|Predecessor||Conservative Central Office|
|Formation||1871 C&UCO (2014 CCHQ)|
The Conservative Campaign Headquarters (CCHQ), formerly known as Conservative Central Office (CCO), is the headquarters of the British Conservative Party, housing its central staff and committee members, including campaign coordinators and managers. As of July 2019, James Cleverly and Ben Elliot serve as Chairman of the Conservative Party.
CCHQ is responsible for all campaigning of the Conservative Party, though it delegates responsibility for local campaigns to constituency Conservative Associations. It maintains overall responsibility for targeting voters and seats, including shortlisting and finalising the selection of Conservative candidates across the United Kingdom for local and national elections.
CCHQ is used as a phone bank for volunteers, and is most active at general elections and some by-elections. The CCHQ Voter Communications Team also coordinates and manages data from local Conservative call centres.
Following the 2017 general election in which the Conservative Party did not do as well as had been expected, CCHQ was described as “rusty” and less effective as it had been during previous elections in coordinating and managing its campaign.
The call centre in Neath was the subject of scrutiny by The Electoral Commission following an investigation by The Guardian over alleged breach of marketing rules at a phone bank at Neath in Wales, which had employed paid staff to do its calling instead of volunteers and is alleged to have bribed some staff for underhand calling tactics. Subsequent allegations have also been reported about the conduct of other Conservative staff.
The CCHQ Activist Centre which is the section of CCHQ which provides guidance to local Conservative Associations and candidates was closed down following the 2017 general election, with resources now being distributed directly by staff rather than passively through the online database to external Conservative staff.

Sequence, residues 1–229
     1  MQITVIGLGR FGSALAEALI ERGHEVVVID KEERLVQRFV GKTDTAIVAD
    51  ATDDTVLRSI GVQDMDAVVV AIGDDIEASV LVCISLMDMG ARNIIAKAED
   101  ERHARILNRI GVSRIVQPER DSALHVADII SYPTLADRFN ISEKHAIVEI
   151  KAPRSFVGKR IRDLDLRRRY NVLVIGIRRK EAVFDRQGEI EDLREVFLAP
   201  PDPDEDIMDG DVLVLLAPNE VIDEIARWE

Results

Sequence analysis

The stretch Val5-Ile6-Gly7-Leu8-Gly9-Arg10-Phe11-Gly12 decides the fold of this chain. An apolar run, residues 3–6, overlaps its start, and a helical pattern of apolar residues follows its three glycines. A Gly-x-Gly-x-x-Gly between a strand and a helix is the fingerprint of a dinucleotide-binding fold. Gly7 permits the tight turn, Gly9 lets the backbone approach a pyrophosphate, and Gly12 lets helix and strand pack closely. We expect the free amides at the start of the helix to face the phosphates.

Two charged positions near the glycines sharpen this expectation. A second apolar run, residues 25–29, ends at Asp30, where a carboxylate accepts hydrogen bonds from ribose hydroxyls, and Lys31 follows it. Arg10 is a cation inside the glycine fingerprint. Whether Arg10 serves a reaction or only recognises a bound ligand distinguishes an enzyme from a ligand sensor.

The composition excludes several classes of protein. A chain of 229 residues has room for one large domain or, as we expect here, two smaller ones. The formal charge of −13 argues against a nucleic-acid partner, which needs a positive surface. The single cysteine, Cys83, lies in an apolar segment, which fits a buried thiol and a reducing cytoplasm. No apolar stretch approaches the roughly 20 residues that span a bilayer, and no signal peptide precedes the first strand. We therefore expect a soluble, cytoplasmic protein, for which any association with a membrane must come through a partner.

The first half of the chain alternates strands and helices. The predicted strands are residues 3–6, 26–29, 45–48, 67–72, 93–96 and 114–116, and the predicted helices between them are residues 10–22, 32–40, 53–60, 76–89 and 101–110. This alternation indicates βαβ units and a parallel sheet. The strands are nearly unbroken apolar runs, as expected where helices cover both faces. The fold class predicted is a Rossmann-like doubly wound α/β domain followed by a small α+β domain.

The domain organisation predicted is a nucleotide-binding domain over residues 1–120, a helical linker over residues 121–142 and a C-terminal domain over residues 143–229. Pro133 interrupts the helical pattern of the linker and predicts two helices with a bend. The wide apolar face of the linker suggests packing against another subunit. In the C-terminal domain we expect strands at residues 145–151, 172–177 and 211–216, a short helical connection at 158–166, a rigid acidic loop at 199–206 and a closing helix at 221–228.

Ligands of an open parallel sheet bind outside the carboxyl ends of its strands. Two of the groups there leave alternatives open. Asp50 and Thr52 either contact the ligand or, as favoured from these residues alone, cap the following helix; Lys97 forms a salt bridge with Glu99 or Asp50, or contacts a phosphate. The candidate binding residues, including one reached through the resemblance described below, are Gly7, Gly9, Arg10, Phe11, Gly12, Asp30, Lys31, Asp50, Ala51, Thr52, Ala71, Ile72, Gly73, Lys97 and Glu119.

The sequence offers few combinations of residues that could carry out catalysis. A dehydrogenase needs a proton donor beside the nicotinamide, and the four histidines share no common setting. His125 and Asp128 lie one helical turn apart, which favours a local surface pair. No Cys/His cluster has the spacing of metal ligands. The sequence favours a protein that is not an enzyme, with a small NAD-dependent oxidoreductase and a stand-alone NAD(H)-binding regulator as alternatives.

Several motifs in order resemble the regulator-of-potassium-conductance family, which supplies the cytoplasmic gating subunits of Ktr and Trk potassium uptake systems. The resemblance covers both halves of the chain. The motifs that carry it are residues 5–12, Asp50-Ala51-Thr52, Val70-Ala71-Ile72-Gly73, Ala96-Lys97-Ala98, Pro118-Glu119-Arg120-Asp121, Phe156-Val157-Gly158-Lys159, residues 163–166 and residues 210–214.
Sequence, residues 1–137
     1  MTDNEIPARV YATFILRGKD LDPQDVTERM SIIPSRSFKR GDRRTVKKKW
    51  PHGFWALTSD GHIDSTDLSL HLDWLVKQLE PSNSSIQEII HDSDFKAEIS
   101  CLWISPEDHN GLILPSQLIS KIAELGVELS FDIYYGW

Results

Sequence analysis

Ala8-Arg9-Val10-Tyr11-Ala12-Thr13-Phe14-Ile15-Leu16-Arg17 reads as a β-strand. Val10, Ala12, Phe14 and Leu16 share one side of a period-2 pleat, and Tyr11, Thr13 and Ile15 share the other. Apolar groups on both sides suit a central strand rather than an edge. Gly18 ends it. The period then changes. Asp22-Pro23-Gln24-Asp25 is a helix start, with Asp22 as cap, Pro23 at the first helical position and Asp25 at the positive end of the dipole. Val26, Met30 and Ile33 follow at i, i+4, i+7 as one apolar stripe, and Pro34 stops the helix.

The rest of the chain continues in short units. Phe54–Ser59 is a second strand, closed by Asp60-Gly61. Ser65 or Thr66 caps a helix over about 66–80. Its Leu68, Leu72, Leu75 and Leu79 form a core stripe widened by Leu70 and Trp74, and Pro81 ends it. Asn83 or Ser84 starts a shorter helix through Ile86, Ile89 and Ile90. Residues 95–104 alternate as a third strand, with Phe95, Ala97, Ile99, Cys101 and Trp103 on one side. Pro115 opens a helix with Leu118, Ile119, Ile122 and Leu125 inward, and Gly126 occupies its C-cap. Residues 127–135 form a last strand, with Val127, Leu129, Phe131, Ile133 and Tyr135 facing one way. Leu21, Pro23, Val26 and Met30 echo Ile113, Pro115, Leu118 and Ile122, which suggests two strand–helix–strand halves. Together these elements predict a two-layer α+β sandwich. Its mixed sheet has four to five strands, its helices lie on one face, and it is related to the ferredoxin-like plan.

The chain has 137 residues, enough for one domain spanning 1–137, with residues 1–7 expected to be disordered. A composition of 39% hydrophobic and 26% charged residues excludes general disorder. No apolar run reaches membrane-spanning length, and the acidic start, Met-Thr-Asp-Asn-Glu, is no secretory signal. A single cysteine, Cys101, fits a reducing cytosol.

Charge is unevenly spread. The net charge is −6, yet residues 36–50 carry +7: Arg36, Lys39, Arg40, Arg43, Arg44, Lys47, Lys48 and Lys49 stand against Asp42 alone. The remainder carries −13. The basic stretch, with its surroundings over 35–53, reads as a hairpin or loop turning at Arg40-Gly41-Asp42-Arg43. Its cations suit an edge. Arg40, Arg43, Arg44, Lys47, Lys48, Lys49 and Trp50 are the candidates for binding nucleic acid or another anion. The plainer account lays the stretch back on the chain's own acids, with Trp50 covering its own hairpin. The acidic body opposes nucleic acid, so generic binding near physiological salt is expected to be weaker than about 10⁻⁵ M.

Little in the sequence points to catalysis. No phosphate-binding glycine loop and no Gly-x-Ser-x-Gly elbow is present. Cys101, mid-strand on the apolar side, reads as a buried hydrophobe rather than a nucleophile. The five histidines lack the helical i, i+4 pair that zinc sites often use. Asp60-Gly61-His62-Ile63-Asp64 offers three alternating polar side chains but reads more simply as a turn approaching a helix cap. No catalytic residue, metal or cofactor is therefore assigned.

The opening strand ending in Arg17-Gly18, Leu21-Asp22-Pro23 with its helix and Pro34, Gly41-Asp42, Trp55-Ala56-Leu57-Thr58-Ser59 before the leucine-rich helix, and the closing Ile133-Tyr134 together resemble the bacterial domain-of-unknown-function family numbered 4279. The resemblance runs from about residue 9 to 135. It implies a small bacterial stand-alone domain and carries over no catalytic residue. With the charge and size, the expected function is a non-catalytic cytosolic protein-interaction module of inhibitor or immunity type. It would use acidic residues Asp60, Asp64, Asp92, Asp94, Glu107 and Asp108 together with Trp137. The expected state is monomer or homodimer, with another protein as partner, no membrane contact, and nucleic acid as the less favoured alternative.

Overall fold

Until 1958 CCO was based at Abbey House, Victoria Street, London, then moving to No. 32 Smith Square. This was the scene of many televised historic moments in Conservative history from Margaret Thatcher's victory rallies to Iain Duncan Smith's resignation. CCO moved in 2004 to nearby 25 Victoria Street for more high-tech facilities and subsequently became known as Conservative Campaign Headquarters (CCHQ).
On 6 March 2007, CCHQ moved again, this time to 30 Millbank, part of the property portfolio of David and Simon Reuben. On 10 February 2014, CCHQ moved to its current location at 4 Matthew Parker Street. They rent the ground and basement floors of the commercial property.
The establishment of Conservative Central Office dates back to 1871, with the creation of professional support for the Party by Sir John Gorst. Following election defeats in 1906 and 1910, in 1911 the post of Party Chairman was created to oversee the work of the Central Office.
Incidents and controversies
On 10 November 2010, 30 Millbank was attacked by student protesters as part of a demonstration against rises in tuition fees.
On 19 November 2014, demonstrators taking part in a free education demonstration in central London clashed with police outside 4 Matthew Parker Street, where the Conservative Campaign Headquarters relocated in February 2014.[unreliable source?]
In June 2017, following the 2017 United Kingdom general election, CCHQ was blamed for the worse-than-expected result, with a number of new appointments, such as new Conservative Director of Communications, Carrie Symonds. Ms. Symonds claimed that there was "lots to do" in her new role.
On 19 November 2019, for the duration of a televised leadership debate between the leader Boris Johnson and his Labour counterpart Jeremy Corbyn, hosted by ITV in the run up to the 2019 United Kingdom general election, the CCHQ press office's Twitter page (@CCHQPress) was renamed to 'factcheckUK' – it did not change the Twitter handle to maintain the account's verified status, to post Conservative rebuttals to Labour's statements about them during the debate.
Conservative Party chairman James Cleverly defended it, stating "The Twitter handle of the CCHQ press office remained CCHQPress, so it's clear the nature of the site", and as "calling out when the Labour Party put what they know to be complete fabrications in the public domain".
In response, the Electional Commission, which does not have a role in regulating election campaign content, called on all campaigners to act "responsibly", fact-checking body Full Fact criticised this behaviour as "inappropriate and misleading", and a spokesperson from Twitter said that "Any further attempts to mislead people by editing verified profile information - in a manner seen during the UK Election Debate - will result in decisive corrective action."
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